Overcoming Breastfeeding Obstacles

I can’t tell you how thrilled I am with the response to Breastfeeding Tips from Seasoned Moms.  It’s so very important that we share with each other and encourage one another in doing what’s best for mom and baby.  Most of the time, breastfeeding can work.  It’s those of you who have overcome incredible obstacles to make it work that inspire me!

Read on to be inspired by one such story from Nony.

I consider myself a breastfeeding champion.

Breastfeeding comes naturally for some new mothers.  In the hospital, they can stay modest under a blanket and carry on a conversation while baby eats away.

For me, it was not natural.  It was a long, hard, physically and emotionally exhausting fight. But we won, and I’m so glad, both for the victory . . . . and for the struggles.

When I was pregnant with my first child, I researched.  I knew all about nipple confusion, engorgement, let-down, mustard-colored poo, football holds and sticking cabbage leaves in your bra.  I took a class, I bought nursing pads, I had a boppy . . . I was ready.  It might not be easy, but I felt confident that I had the information I needed to make a go of it.

What I didn’t know was that sometimes . . . it just doesn’t work the way the books say it will.

My son did “okay” in the hospital.  He had some trouble latching on, but could eat for a few seconds at a time.  It could only get better, right?

Wrong.

The night we came home from the hospital, my milk came in.  I became engorged, and the little boy who already had a rough time latching on, couldn’t . . . and he was furious about it.

I couldn’t believe how much he resisted me.  Who knew that there could be that much strength in an 8 lb. body?    He quickly learned to curl up his tongue to avoid being sprayed in the back of the throat. This wasn’t going the way he wanted it to, and he wasn’t going to have any part of it.  I literally had to use all of my strength to keep him at the breast.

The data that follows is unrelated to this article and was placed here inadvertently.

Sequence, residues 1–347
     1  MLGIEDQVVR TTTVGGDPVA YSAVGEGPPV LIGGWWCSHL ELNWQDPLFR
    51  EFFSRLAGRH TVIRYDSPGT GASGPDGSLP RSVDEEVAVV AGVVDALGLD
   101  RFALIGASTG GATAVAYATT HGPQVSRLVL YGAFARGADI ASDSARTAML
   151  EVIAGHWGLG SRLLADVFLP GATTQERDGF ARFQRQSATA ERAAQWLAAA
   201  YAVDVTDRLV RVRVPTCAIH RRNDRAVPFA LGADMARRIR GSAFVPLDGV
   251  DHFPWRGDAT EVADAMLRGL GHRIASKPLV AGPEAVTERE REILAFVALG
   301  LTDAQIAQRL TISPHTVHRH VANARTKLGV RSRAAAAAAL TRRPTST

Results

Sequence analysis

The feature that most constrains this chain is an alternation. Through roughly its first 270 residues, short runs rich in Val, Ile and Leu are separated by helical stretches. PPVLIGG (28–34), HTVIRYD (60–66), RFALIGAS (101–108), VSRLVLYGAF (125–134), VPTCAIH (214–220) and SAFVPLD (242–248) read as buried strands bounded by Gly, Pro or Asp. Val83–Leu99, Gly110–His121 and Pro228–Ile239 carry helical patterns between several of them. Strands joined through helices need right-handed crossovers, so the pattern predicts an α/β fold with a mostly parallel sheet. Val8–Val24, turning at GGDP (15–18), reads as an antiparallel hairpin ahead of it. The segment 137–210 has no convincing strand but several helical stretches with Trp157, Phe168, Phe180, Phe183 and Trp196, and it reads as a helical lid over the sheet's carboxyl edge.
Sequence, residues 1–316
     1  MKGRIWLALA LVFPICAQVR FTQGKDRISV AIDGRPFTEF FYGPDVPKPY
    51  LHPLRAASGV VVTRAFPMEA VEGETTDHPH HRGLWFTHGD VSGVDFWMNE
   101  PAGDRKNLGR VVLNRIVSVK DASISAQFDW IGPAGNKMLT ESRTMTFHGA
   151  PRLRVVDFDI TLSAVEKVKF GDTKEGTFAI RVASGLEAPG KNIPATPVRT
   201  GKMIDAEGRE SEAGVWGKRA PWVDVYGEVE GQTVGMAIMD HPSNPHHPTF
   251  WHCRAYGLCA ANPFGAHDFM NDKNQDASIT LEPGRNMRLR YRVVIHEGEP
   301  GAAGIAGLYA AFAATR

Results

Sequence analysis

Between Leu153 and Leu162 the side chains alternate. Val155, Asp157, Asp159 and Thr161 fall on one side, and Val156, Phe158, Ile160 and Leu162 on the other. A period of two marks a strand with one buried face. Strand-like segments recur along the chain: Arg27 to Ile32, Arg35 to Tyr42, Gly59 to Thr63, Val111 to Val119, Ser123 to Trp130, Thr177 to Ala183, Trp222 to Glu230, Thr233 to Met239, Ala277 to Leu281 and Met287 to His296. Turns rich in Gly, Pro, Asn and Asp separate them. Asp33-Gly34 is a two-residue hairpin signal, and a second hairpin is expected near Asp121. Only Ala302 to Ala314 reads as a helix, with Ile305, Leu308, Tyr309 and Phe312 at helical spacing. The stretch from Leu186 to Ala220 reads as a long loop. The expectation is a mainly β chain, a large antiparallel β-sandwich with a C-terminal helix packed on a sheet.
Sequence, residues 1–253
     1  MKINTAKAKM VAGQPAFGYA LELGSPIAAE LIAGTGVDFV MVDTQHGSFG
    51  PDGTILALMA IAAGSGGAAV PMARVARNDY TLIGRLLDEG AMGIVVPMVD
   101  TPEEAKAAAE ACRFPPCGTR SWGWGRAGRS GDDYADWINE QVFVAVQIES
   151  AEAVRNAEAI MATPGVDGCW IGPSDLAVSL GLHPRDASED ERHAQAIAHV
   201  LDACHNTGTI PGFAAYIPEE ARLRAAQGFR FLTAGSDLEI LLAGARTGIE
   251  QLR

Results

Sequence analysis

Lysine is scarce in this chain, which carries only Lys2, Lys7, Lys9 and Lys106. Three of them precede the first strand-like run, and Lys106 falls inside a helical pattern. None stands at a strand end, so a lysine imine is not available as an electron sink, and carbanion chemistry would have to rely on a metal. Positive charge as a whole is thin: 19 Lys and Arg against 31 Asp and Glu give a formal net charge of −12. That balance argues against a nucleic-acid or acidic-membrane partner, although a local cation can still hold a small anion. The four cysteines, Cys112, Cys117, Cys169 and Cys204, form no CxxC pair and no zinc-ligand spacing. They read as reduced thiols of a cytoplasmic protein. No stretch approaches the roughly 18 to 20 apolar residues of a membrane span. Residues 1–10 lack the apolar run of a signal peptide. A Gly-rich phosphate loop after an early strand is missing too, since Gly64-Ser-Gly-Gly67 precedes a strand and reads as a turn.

The second night I was home, in utter despair, I gave him a 2 oz bottle that the hospital had sent home with us. He gulped it down, went right to sleep, and I lay in my bed and cried.  I was a failure.

But I didn’t give up. I’m pretty sure that 2 oz. bottle was the only formula he ever had.  And honestly, he needed it.  The poor little guy couldn’t latch on, I’d tried every method I knew, it was the middle of the night, and he was starving.

We took him to the hospital at one week old.  They weighed him, whispered among themselves, and then uttered the words “failure to thrive.” My heart stopped.

The “nursing specialist” came to help. I explained what had been going on, and she watched me nurse him.  Her words, to be exact, were “You know, babies do just fine on formula.”

By this point, though, I was determined to succeed. I asked for help from everyone I knew who had babies.  I was shocked to find out that my situation was not necessarily unique.

I was mad that no one had told me that it could be like this. I spent the first 2-3 weeks of motherhood feeling completely alone.  Why is it that the only ones who ever talk to moms-to-be are the ones who can say, “Oh, it’s easy, he just latched right on!”?

We lived in a rural area, and there was no la Leche league or lactation consultants other than the (less than helpful) one at the hospital.  My sweet husband happened to mention our struggles to a man whose wife worked for Early Childhood Intervention, and he suggested that we call them.  They sent out . . . a speech therapist.  Seriously, a speech therapist. She had a few suggestions for helping him learn to not curl his tongue, but mostly I think that just knowing someone was on my side helped me keep going.

The screaming went on for . . . a solid six-weeks.  Every feeding session was a battle. I was completely worn out and cried more than he did.  But then, at six-weeks, he got it . . . and he nursed for 13 months.

Though at the time I never thought I would say this, I’m glad we went through these struggles. I can say with total conviction that babies are born with minds of their own and distinct personalities.  I learned so much in those six weeks that have helped me mother my son for the last 8 years.